Last week , we have witnessed a gradual softening in the American  approach to dealing with North Korea .Not only in terms of substance , but also when it comes to dealing publicly with all questions related to North Korea .We have detected a serious attempt to show more respect for the sensitivities of the North Koreans . As a telling example of this more subtle approach to dealing with Pyongyang , the meeting  between President Trump with the North Korean emissary last Friday at the White House was not attended , either by Vic-President Mike Pence , nor by John Bolton , the national security adviser . The two had infuriated the higher echelons of power in Pyongyang with their talks of applying the Libyan model of denuclearization in the case of North Korea.

The White House meeting with Kim Yong -chol  on June 1 was preceded by a meeting in New York City between Yong -chol and the United States Secretary of State, Mark Pompeo , who had previously met Chairman Kim Jong -un twice in the last two months , once when he was still the Director of the Central Intelligence Agency , and the second time as the Secretary of State . And he had also held talks with Jong -chol . Thus he is in a better position , than many in the White House, including President Trump himself , to understand how to deal with such a highly -sensitive question , from a North  Korean point of view,  that of denuclearization  and the security worries of the North Korea .In other words , he understands that the nuclear arsenal that Pyongyang has built over the years is meant as a protection and a security guarantee for the North Koreans to deal with the consequences of the Korean War on the overall security environment in the Korean Peninsula . If you want North Korea to agree to denuclearize , then you must be prepared to provide for the security guarantees it would demand in return . Similarly , if the ultimate objective of the United States is  the  “ complete , verifiable , and irreversible denuclearization “ of North Korea, then it should be incorporated  in a larger strategic approach to peace and security in the Korean Peninsula .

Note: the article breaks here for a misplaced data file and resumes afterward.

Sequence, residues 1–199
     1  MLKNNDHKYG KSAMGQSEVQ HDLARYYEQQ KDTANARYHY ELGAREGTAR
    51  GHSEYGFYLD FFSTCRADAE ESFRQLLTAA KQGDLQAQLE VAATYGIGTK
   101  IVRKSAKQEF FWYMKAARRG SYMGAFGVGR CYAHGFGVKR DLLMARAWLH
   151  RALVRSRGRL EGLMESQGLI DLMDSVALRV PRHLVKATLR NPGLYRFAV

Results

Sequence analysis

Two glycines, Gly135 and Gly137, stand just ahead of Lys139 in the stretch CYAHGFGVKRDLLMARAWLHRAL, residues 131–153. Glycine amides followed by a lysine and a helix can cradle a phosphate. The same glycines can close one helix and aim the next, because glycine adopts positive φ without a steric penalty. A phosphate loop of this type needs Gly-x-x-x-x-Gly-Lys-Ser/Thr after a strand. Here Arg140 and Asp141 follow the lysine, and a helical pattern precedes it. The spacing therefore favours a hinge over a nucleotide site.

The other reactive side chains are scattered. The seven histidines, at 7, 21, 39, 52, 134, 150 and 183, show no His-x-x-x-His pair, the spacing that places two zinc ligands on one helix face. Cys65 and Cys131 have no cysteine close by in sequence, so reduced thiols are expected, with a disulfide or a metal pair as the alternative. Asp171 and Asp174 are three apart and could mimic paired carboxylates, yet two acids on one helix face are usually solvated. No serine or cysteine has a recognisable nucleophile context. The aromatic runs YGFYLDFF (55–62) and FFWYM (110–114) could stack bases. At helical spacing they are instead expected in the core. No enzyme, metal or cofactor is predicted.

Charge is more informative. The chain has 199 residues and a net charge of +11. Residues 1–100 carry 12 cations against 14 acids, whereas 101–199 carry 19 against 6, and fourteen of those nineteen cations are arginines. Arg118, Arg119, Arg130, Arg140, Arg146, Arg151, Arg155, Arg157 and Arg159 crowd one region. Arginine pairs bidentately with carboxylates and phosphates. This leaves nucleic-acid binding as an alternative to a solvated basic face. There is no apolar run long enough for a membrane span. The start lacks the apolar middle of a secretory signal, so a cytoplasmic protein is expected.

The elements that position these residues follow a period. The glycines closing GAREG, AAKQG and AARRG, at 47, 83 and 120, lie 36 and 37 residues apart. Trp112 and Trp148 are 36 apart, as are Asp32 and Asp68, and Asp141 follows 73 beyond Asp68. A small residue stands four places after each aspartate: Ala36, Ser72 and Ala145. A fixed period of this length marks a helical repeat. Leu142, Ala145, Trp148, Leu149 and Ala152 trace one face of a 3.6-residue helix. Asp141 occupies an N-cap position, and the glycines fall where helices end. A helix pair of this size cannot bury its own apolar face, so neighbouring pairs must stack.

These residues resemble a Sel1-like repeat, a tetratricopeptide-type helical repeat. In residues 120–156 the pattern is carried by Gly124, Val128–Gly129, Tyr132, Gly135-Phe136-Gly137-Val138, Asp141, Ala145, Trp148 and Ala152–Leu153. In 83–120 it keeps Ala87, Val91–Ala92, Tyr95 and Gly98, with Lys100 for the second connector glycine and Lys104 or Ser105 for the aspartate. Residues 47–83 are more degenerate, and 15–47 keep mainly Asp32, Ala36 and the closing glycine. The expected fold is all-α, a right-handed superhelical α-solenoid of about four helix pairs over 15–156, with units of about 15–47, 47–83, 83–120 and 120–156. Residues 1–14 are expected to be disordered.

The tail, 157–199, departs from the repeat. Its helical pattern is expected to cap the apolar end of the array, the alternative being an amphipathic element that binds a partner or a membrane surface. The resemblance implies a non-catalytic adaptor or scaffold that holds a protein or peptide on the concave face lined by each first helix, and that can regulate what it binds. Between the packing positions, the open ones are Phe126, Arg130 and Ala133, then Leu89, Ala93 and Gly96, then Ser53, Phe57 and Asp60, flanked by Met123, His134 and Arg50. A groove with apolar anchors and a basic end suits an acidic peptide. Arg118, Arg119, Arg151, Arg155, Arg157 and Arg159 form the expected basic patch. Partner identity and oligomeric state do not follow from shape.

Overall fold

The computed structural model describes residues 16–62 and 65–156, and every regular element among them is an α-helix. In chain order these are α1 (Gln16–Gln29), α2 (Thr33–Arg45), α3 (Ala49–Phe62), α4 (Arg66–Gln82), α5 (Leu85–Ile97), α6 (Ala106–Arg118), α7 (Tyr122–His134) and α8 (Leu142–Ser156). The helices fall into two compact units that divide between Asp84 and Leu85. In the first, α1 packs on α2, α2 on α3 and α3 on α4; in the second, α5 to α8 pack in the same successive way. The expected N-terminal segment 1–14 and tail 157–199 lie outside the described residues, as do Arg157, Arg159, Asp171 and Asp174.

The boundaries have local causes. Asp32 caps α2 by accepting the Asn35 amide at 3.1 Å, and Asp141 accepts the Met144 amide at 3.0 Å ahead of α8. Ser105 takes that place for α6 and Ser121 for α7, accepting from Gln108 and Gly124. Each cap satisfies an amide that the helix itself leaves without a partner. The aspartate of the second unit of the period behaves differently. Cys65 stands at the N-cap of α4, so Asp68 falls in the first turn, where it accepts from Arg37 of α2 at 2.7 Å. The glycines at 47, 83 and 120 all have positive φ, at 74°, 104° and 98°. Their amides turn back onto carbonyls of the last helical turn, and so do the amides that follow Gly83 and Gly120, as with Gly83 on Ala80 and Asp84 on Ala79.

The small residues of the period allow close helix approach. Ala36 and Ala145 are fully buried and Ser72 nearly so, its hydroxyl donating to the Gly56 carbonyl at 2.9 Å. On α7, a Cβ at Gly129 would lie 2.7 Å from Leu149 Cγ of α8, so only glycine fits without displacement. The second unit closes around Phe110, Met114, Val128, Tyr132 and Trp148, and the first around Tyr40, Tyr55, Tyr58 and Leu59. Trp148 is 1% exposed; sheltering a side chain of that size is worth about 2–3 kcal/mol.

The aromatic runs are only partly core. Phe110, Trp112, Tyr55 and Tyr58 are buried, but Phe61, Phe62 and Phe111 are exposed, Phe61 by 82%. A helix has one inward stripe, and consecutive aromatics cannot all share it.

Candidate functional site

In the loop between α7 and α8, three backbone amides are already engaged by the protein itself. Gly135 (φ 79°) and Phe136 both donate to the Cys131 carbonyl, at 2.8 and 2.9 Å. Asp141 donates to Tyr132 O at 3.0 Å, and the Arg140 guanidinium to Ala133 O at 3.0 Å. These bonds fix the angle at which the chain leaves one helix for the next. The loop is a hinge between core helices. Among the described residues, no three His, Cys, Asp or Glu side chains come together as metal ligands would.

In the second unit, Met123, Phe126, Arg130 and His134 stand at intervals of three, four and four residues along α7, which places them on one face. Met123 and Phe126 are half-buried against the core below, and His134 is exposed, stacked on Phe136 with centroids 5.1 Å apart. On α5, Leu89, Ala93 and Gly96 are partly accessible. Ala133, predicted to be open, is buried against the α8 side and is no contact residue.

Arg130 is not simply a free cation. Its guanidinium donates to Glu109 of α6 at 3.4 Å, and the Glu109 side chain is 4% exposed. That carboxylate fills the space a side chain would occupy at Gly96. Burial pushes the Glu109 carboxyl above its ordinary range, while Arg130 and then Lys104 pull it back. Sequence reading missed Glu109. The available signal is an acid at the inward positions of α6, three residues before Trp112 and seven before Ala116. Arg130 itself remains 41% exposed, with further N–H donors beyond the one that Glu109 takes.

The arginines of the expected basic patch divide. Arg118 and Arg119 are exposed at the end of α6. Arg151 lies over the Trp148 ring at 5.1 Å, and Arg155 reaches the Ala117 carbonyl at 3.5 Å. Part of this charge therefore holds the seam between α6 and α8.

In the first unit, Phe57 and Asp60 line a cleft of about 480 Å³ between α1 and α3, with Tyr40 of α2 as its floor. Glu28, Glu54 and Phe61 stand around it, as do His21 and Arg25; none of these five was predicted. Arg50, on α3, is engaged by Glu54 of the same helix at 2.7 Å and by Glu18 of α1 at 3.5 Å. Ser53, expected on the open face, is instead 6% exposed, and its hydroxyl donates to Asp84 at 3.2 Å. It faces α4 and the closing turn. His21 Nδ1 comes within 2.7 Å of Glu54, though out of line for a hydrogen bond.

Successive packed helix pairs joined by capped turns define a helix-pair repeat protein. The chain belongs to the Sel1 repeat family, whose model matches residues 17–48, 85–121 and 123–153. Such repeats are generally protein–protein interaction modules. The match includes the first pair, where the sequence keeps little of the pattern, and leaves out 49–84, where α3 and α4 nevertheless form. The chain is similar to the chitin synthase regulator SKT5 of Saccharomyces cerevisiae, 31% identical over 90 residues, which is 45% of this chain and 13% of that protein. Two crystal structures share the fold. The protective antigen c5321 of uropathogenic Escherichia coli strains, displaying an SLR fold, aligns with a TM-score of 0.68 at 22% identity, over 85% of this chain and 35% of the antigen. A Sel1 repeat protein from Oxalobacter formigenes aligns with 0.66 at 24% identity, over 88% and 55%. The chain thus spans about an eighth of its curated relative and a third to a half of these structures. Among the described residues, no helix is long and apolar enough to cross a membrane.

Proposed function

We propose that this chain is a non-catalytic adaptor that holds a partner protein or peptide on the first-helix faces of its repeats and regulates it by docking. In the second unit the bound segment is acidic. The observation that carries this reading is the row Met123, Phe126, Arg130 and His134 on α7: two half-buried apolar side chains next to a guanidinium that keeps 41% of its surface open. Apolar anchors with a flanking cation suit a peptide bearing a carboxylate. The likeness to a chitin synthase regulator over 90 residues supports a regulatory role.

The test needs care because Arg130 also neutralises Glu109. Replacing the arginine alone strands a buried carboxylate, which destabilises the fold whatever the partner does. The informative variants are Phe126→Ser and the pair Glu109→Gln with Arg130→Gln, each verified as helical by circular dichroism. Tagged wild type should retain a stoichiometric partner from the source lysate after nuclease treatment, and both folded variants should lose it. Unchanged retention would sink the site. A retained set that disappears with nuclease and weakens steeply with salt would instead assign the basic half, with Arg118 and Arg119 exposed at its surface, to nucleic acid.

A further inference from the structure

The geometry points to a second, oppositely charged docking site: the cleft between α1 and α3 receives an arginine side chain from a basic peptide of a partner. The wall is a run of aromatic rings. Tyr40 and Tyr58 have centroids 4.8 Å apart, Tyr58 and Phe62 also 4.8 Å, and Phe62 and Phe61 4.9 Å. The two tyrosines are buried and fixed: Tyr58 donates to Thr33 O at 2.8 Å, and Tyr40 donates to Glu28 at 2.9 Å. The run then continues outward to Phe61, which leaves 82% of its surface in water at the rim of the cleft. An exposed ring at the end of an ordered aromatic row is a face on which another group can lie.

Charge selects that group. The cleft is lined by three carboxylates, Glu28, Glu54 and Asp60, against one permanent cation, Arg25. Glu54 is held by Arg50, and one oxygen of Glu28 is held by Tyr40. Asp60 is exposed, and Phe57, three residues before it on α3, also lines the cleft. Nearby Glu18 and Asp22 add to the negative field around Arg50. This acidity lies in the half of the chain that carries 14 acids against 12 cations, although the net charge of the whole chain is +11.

And maybe this what Secretary Pompeo had in mind when he pointed  out, after his talks with Jong -chol finished on May 31 in New York,  that the two sides “ have made real progress in the last 72 hours towards setting the conditions …. Putting President Trump and Chairman Kim Jong -un in a place where we think there could be real progress made by the two of them meeting .” And to add that there had been conversations between the United States and North Korea “ about how we might proceed, what the path might be forward so that we can achieve both the denuclearization that the world demands of North Korea and the security assurances that would be required for them to allow us to achieve that.”

This sounds sensible enough to expect the Singapore Summit to launch a process that would , ultimately and hopefully , succeeds in reconciling the security interests of all parties concerned with peace and security in the Korean Peninsula , as well as the security environment in North East Asia.

And if the news reported by the JoongAng Daily  on  3 June, that South Korean President Moon Jae would join the Singapore Summit is confirmed, then the world shall be witness to an earth-shaking summit that could result in the announcement of the official end of the Korean War ( 1950-1953). This would be the first and essential step in a “process” set in motion by the Singapore Summit that would steer the Korean Peninsula towards a nuclear-free zone.

The writer is former assistant foreign minister.